In one embodiment, the present invention employs melt convection to affect the melt-solid interface shape. Convection refers to the process of heat transfer in a liquid by the movement of the liquid itself. In general, there are two types of convection: natural convention and forced convection. Natural convection occurs when the movement of melt 109 is due, for example, to the presence of heaters 105 giving rise to density gradients. Forced convection occurs when the movement of the melt 109 is due to an external agent such as a magnetic field in crucible 103. Accordingly, controlling the magnetic field intensity may produce a desired melt-solid interface shape.

For instance, because a magnetic field may affect the flow pattern in electrically conducting fluids such as silicon melt 109, an embodiment of the invention uses a magnet (e.g., in the form of coils 145, 147) to affect melt convection and thus change the temperature distribution in the melt 109, which in turn affects the melt-solid interface shape. As described below, embodiments of the invention further control the flow of silicon melt 109 via an axially asymmetric magnetic field whose configuration and field intensity may be continuously changed. As such, the melt-solid interface shape, the axial temperature gradient at the interface, and the radial variation of the axial temperature gradient in crystal 113 at and near the interface may be manipulated to produce a desired interface shape and value. As described in detail below with reference to FIG. 6A, FIG. 7A, and FIG. 8, embodiments of the present invention provide variable magnetic fields within the crystal growing apparatus for producing desired melt-solid interface shapes, which in turn produce desired crystal characteristics.

As is known to those skilled in the art, a silicon crystal grown from a melt may have an excess of crystal lattice vacancies (“V”) or silicon self-interstitials (“I”). According to embodiments of the present invention, manipulation of a melt-solid interface shape during the growth of the crystal can be used to control the initial distribution of point defects at the solidification front and the diffusion path of point defects at various degrees from the melt-solid interface. The dominant point defect type is generally determined near solidification. Therefore, if the dominant point defect concentration reaches a level of critical super-saturation and if the mobility of the point defect is sufficiently high, a reaction or an agglomeration event is likely to occur. Agglomerated intrinsic point defects in silicon may affect the yield potential of the material in the production of complex and highly integrated circuits. By controlling the melt-solid interface shape, embodiments of the invention reduce or avoid the agglomeration reaction to produce silicon that is substantially free of agglomerated intrinsic point defects.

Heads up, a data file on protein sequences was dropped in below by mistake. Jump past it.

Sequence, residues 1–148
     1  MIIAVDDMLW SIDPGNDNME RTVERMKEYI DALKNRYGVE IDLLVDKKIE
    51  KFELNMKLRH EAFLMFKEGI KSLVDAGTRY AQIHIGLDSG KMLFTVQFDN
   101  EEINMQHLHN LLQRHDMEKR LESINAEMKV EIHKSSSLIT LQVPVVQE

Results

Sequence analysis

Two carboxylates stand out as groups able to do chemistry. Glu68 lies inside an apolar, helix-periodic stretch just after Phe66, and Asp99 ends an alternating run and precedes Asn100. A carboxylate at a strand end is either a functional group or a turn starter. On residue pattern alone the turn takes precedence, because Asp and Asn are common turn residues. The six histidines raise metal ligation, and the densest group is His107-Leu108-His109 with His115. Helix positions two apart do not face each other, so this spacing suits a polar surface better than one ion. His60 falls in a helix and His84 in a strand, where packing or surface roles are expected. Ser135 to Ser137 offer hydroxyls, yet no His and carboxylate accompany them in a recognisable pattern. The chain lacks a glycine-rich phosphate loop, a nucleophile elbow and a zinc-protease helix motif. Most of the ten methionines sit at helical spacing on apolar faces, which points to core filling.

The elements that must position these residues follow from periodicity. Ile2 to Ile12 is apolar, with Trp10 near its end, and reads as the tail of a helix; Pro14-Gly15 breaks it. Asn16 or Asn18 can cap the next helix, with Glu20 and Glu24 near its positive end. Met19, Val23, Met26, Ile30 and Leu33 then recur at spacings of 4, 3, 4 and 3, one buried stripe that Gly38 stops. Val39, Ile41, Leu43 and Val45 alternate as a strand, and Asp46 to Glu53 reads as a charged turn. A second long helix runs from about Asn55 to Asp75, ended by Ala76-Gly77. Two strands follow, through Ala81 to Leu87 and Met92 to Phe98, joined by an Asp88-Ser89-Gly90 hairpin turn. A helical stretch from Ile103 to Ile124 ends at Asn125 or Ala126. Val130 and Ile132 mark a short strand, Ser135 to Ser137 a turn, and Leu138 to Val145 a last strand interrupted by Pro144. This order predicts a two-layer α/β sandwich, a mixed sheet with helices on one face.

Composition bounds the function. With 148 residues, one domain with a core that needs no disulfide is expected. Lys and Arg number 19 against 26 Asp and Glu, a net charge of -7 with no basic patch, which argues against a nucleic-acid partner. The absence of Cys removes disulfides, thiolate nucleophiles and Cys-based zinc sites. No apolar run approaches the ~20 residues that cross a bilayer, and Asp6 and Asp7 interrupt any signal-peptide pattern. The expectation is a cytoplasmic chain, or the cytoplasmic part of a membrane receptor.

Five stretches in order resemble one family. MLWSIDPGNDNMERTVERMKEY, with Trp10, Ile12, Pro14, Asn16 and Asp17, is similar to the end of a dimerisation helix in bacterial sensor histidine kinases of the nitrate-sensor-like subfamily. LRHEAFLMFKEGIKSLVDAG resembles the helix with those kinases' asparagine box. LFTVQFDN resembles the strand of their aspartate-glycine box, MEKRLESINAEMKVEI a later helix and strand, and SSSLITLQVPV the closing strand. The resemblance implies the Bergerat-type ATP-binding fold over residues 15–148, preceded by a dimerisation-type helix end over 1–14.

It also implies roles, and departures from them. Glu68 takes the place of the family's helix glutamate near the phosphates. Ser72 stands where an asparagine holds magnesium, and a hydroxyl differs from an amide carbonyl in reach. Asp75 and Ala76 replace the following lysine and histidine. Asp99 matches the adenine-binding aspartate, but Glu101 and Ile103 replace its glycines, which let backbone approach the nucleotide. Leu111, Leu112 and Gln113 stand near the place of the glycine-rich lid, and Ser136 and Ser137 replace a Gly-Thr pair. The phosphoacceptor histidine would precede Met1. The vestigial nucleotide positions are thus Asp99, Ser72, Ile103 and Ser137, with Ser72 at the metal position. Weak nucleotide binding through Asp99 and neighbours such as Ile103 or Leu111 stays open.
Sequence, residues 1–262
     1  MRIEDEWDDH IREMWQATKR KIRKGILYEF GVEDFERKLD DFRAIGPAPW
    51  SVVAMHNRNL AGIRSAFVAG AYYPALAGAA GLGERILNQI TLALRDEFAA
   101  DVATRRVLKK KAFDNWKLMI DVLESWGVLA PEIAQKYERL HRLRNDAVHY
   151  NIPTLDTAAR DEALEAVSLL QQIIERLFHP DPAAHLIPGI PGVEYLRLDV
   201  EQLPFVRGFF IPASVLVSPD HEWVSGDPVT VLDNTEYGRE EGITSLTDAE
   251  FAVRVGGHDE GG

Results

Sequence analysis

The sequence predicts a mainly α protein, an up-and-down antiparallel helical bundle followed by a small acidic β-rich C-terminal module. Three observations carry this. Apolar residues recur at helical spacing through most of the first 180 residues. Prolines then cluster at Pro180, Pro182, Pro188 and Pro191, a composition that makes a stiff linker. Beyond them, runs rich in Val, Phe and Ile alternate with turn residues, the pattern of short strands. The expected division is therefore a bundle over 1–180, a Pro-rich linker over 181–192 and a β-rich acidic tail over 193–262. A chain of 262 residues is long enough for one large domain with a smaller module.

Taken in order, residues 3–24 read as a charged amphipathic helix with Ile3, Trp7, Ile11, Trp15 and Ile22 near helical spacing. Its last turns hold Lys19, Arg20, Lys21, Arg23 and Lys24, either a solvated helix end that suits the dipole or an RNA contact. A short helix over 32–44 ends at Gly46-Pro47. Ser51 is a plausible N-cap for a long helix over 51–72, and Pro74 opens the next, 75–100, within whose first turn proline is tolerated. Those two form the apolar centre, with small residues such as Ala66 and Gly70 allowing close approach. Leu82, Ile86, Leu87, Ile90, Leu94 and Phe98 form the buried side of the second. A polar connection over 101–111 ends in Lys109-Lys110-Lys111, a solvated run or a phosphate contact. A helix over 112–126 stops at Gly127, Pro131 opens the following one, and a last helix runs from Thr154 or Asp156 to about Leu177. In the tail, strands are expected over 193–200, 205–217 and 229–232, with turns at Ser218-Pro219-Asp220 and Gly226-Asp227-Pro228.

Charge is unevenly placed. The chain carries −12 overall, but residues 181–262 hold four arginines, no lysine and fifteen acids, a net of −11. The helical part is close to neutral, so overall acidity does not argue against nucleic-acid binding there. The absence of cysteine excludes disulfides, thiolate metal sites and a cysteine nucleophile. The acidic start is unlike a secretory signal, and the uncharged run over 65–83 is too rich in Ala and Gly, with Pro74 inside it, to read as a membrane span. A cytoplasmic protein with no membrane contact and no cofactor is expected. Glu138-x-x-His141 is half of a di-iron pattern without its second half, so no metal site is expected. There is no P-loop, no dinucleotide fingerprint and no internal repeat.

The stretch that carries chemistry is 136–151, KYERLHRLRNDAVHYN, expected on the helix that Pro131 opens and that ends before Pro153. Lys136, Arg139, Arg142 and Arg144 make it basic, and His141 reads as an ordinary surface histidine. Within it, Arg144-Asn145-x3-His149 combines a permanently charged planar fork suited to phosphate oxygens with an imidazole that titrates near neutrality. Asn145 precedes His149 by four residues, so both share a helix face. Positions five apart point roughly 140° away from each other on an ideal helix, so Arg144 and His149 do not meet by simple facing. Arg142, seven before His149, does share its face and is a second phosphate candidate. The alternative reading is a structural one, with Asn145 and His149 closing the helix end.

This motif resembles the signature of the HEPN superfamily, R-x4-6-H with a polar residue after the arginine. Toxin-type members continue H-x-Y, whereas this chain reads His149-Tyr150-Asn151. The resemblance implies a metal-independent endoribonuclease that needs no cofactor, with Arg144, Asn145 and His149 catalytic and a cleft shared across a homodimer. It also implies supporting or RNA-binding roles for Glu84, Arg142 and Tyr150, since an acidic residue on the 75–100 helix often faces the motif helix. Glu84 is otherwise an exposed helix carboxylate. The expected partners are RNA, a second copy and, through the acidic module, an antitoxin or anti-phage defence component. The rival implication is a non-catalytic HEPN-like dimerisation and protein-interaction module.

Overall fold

The ratio of the pull rate v of a crystal to an axial temperature gradient G indicates the type of intrinsic point defect likely to occur in the growing crystal. For example, when the pull rate is high, lattice vacancies are generally the dominant point defects. Alternatively, when the pull rate is low, silicon self-interstitials are generally the dominant point defects. Thus, during a dynamic growth process (i.e., where v/G may vary as a function of the radius and/or axial length of the crystal), point defects within the growing silicon crystal may change from being vacancy dominated to interstitial dominated, or vice versa. Moreover, an identifiable vacancies/self-interstitials (V/I) transition is associated with such a change. A defect free region may exist between agglomerated vacancy defects and agglomerated interstitial type defects. Specifically, the V/I transition occurs within this defect-free region. That is, this defect-free region corresponds to the transition region from an excess vacancy dominant region to an excess interstitial dominant region. The defect-free region may be vacancy dominated and/or interstitial dominated material. The defect-free region does not include critical excess point defects to form any defects and generally includes the V/I transition.